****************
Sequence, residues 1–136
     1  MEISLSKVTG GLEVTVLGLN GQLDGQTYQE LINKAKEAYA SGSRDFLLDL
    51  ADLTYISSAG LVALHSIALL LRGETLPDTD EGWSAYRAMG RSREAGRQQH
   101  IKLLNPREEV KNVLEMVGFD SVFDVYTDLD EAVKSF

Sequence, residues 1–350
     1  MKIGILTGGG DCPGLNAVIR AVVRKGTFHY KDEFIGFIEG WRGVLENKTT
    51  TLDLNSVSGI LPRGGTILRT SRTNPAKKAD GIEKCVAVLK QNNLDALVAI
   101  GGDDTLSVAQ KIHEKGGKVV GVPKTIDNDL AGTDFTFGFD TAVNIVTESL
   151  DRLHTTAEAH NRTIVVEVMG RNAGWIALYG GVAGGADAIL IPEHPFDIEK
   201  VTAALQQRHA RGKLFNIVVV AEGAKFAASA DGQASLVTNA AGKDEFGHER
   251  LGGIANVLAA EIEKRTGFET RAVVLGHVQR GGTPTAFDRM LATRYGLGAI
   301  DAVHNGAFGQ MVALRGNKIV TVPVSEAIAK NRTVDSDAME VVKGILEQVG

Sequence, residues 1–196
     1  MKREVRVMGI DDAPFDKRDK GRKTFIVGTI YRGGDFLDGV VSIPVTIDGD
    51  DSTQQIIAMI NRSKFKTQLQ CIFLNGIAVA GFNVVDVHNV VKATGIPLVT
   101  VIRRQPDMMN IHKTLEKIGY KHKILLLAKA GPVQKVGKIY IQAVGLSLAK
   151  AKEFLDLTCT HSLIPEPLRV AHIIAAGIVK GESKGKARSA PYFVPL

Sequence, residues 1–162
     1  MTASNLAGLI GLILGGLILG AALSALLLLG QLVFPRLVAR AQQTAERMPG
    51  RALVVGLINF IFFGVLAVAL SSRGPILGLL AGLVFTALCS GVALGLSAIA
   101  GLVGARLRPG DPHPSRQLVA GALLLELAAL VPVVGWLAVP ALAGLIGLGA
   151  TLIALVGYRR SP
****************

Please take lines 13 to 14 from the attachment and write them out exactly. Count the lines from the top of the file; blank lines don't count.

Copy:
Sequence, residues 1–196
     1  MKREVRVMGI DDAPFDKRDK GRKTFIVGTI YRGGDFLDGV VSIPVTIDGD